LTE set to do heavy lifting in the ‘Connected Management’ market by 2018

via Flickr © Shield Connectors (CC BY-SA 2.0)

via Flickr © Shield Connectors (CC BY-SA 2.0)

Berg Insight has been working through the technology timings of the global M2M market to ascertain which wireless/mobile technologies are going to be prevalent where. It’s mostly a question of 2G network shutdowns and the 'refarming' of the valuable 2G spectrum (which is good at wall penetration) for LTE.

The realisation that re-farming was going to happen soonish (before decade’s end) created a kerfuffle about two years ago in the US as mobile carriers started talking about retiring their 2G mobile networks: what about the M2M applications that would still be quite happy operating at 2G where the higher speeds aren’t required, the coverage is better and the module prices low? It looked like either expensive upgrades to LTE or some sort of network sharing arrangement between operators to mop up the ‘legacy’ 2G M2M would be required.

In the event 3G and even LTE module prices don’t seem to be as scary as the industry perhaps feared.  According to Berg, 3G/4G technologies are set to dominate cellular M2M by 2018 and has already entered a period of transition.

“The share of cellular M2M devices connected to HSPA/LTE networks is projected to more than double from less than 20 per cent at the end of 2014 to more than 50 per cent by 2018,” says Berg.  “When it comes to device shipments, 3G/4G is expected to overtake 2G [as early as] 2017.”

HSPA will be the largest technology in the intermediate period until the current price gap between it and LTE is closed.

Berg says the the first phase in the changeover has mainly been driven by the phasing-out of 2G services, in particular in the  US, where Berg maintains, AT&T’s “plans to shut down its 2G network have profoundly changed the M2M hardware market.”

“As a result Berg Insight expects that a majority of the M2M devices shipped in North America will use 3G technology already in 2014. Europe has a slower rate of adoption as the time horizons for continued operation of 2G networks generally extend well beyond 2020 in most countries. In Asia-Pacific, 3G is already the standard technology platform in advanced markets such as Japan.”

Quite apart from the disappearing G2 network problem, the main reason 3G and 4G adoption will happen over the next few years is that data requirements are growing fast.

Why? "Firstly, there is a general trend towards higher data consumption for most traditional M2M applications", said Tobias Ryberg, Senior Analyst, Berg Insight and author of the report. "Secondly, the automotive industry is getting very serious about realizing the vision of connected cars, which require mobile broadband connectivity. Early adopters such as GM and Audi recently introduced their first car models with embedded LTE in the US".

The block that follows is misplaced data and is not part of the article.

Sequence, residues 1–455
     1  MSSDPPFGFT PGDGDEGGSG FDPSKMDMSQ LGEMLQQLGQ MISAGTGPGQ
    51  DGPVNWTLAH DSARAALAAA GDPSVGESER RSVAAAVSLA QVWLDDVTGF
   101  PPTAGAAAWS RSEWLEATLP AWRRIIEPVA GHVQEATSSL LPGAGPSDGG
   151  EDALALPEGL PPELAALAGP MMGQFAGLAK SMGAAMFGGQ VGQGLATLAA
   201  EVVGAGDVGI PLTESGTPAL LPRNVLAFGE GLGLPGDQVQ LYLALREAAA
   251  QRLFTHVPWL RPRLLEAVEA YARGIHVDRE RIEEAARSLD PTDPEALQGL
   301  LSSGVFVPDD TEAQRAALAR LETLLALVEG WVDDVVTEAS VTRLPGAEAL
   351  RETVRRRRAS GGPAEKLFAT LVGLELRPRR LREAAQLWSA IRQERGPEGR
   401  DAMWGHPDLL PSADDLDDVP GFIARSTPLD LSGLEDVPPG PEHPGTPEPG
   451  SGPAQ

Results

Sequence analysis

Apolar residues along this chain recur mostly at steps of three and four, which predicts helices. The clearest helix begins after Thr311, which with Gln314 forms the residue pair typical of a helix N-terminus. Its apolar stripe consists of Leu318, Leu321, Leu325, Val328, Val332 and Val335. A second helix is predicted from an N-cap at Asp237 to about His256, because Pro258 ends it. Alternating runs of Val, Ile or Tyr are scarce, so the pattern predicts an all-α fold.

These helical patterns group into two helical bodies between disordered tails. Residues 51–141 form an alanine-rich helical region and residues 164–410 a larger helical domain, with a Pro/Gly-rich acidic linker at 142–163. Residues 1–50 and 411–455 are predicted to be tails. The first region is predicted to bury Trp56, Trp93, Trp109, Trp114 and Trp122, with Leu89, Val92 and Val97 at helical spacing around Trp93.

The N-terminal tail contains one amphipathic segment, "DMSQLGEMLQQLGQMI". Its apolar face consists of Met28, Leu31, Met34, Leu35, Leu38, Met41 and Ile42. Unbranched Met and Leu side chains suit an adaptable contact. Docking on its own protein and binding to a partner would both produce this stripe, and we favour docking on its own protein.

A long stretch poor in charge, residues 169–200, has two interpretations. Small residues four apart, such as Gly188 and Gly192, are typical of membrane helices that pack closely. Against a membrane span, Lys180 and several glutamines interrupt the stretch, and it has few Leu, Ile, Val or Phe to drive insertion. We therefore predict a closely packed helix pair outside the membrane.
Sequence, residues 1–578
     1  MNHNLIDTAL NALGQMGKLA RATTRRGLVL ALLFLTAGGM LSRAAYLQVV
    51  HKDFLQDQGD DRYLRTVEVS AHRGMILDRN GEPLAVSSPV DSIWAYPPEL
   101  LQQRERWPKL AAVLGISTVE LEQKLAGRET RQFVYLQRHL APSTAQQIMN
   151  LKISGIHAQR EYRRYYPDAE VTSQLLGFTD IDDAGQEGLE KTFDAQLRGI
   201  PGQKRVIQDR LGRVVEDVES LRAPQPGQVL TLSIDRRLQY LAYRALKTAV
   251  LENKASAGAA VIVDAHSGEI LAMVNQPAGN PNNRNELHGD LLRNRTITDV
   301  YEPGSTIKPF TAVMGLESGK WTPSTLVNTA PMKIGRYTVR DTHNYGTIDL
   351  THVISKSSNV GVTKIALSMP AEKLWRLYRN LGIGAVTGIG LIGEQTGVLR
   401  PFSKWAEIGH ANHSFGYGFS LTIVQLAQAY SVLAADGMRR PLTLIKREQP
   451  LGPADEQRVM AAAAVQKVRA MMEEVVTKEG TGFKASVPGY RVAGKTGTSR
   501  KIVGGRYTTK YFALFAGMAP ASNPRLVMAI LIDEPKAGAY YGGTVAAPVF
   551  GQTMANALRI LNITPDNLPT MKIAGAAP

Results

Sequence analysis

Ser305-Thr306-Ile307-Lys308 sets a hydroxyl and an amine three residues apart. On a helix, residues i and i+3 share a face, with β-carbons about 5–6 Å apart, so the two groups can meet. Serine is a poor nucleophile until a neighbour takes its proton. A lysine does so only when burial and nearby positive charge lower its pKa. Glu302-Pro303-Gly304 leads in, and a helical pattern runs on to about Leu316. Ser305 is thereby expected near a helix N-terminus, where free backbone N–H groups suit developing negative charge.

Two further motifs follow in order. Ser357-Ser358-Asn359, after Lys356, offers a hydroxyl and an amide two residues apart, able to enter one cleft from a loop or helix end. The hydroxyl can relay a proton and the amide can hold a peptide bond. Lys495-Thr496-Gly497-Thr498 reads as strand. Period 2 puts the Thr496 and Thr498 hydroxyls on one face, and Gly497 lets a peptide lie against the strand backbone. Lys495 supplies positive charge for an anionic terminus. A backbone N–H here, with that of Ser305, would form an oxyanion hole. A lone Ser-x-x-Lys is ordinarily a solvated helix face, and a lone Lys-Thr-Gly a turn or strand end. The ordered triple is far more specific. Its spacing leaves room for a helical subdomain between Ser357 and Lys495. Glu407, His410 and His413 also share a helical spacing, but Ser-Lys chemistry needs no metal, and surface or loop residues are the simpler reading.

Berg Insight has also contributed to our understanding of this market by coining the term ‘connected management’ to describe the ‘What’ of M2M and IoT. By themselves those two terms define the  ‘How’ in terms of a snapshot of the process (M2M) or a name for the network itself (IoT). Connected management seems useful to me because it defines the objective of the ‘top end’ of M2M/IoT where real value is to be found (no disrespect to the connected fridge, but it’s in the slightly useful gadget category).  

Connected management better defines connection of geographically disparate ‘things’ which, by forwarding data and accepting commands, may become a greater managed system.  

According to Tobias Ryberg, Senior Analyst, Berg Insight,  “The IT-revolution has created new opportunities to collect and analyse data for the purpose of managing objects and behaviours. Connected management is based on the connection of remote devices to applications for the purpose of managing assets & products, costs & revenues, relationships & behaviour etcetera”.

He cites connected cars is a typical area where connected management is applied, as the car manufacturers develop solutions enabling themselves and the driver to manage the vehicle and the driving experience through a range of applications. Connected fleets is another underlying trend for vehicle-based applications to enable fleet operators and external stakeholders such as governments, insurance companies and financial service providers to manage vehicles, operations, risks and revenues associated to the vehicle such as taxes and insurance premiums.

Berg claims the connected enterprise is emerging as a blueprint for corporate management, based on the vision that every asset and product should be directly linked to the enterprise network, feeding data in real-time to relevant IT-systems.

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